Vince Cable says EU lib-dems want Britain to have a referendum on exit deal.
Vince Cable says EU lib-dems want Britain to have a referendum on exit deal.

Sir Vince Cable, leader of the Liberal Democrats, has been ridiculed for the second time in as many weeks after claiming that almost one-third of EU leaders supported the Liberal Democrats’ call for a referendum on the final Brexit deal.

Rather foolishly, in retrospect, Cable claimed that eight prime ministers, specifically those of the Netherlands, Belgium, Denmark, Finland, Luxembourg, Slovenia, Estonia and the Czech Republic, had agreed a joint statement saying that British voters should have the “final say” on any withdrawal deal.

Setting aside the fact that nobody cares whether the Prime Minister of Estonia or Belgium thinks Britian should be forced to endure another time-consuming, costly and divisive referendum, it turns out that no such statement had been agreed anyway. The Alliance of Liberals and Democrats for Europe group (ALDE) posted a tweet that denied any such statement had been agreed or released. “Pertaining to the Lib Dem press release issued today on Brexit: at the ALDE leaders meeting of 22 March no statement has been agreed upon or released.”

Plainly embarassed and perhaps more than a little angry that fellow lib-dems hadn’t simply backed up his claim regardless of the truth, “sources close to Sir Vince Cable” insisted that the statement was verbally agreed by the leaders at the lunch, but not formally signed.

A spokesman for Prime Minister Theresa May responded: “We have always said that we understand that there are many countries in the EU that are disappointed by the UK’s decision to leave and we understand that. But we won’t be having a second referendum. We will be delivering on the will of the British people.”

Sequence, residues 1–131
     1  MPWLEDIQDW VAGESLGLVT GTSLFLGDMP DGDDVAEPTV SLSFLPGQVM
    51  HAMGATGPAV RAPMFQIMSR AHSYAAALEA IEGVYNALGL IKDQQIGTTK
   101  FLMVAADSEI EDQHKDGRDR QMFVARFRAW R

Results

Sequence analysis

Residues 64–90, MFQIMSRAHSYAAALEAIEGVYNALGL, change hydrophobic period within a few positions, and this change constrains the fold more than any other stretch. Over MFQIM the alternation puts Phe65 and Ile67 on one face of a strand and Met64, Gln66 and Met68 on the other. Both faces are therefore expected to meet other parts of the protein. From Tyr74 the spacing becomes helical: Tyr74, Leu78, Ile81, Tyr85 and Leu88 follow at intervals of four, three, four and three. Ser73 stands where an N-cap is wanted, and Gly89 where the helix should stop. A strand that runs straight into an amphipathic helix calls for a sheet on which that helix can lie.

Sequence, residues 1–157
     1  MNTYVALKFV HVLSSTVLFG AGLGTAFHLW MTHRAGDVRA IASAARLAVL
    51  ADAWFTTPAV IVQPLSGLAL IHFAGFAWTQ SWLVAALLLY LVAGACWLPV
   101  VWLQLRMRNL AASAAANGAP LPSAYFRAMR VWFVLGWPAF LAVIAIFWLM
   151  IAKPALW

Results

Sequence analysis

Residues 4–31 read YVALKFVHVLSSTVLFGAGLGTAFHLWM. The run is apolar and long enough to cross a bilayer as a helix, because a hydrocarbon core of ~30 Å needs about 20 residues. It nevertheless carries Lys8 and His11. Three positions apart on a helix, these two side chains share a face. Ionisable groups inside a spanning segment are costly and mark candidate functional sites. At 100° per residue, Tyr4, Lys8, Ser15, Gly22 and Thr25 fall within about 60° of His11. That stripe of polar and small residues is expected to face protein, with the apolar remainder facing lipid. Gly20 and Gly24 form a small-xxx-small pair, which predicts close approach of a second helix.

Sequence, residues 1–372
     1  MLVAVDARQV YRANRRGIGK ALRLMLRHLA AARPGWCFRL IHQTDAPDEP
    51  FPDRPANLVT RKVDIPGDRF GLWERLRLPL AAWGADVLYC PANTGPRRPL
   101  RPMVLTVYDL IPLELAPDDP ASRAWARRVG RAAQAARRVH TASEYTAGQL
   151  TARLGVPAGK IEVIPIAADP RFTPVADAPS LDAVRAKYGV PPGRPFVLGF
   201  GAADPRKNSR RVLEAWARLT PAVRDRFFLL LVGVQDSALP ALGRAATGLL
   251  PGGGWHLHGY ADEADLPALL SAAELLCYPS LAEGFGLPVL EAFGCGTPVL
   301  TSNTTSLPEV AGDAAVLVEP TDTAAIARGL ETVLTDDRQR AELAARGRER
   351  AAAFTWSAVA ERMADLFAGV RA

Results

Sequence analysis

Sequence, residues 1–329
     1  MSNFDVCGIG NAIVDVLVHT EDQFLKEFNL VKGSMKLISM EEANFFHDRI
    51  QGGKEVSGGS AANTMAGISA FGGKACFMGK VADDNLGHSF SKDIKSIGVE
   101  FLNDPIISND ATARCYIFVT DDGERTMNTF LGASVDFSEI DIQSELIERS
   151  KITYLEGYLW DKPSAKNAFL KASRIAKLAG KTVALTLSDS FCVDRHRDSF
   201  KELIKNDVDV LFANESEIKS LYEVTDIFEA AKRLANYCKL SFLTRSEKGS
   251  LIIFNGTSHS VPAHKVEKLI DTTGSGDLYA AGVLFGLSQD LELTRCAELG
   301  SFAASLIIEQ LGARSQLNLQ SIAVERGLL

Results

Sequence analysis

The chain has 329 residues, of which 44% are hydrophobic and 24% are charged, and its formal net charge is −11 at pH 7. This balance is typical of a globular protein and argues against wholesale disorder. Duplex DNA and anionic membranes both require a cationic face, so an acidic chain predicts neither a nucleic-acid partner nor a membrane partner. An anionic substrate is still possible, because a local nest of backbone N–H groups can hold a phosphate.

Who will vote lib-dem?
This yougov poll may explain Sir Cable’s attempts to attract voter attention over Brexit.

Sir Cable evidently refuses to accept that the average British voter doesn’t care whether or not EU politicians want Britain to have another referendum, ignoring the fact that many voted to leave specifically to prevent EU politicians having a say in how Britain is run.


We’re not going to heap embarassment on Sir Cable by printing the subsequent responses to his claims. It seems cruel to kick a man already on the floor.

We have a lot of sympathy for Sir Cable, head of a party that was never truly relevant, even in its ‘glory days’.  Rather than providing the mythical ‘third way’, the Liberal Democrat party only ever provided a sanctuary for politicians who prefer a responsibility-free career on the opposition benches to the stressful business of actually governing a country.

Leading a party that has no desire to go anywhere is a bit like voted president of the local Agoraphobic Rambler’s Club.

With no identifiable focus or reason to exist, the average person on the street has absolutely no idea what the lib-dems stand for.  However, by hammering on about staying in the EU, Cable has successfully stumbled upon an identifiable policy standpoint.

It’s just a shame that his past two pronouncements on the issue have been to imply Brexit voters were racists and to tell us that a bunch of EU politicians want the UK to have another referendum. Seriously, we wish Sir Cable well in his efforts to stop the British Lib Dem party heading the same way as the Northern White Rhino, but we think he needs to seriously reassess his tactics.

The Snail

My real name's David but hundreds of people know me by my nickname 'snail', which was given to me when I was at school and walked the 100 metre sprint because I was sulking about something. I forget what. The name stuck, thanks to friends who couldn't catch me in a sprint unless they were on a horse. I kinda like it.

I was always a Labour supporter, despite the Blair and Mandy slime twins, but the rebirth of militant tendency as momentum is a step too far for me, and their eagerness to overrule the Brexit vote is plain anti-democratic. I didn't vote, but if I had, I would have voted to leave.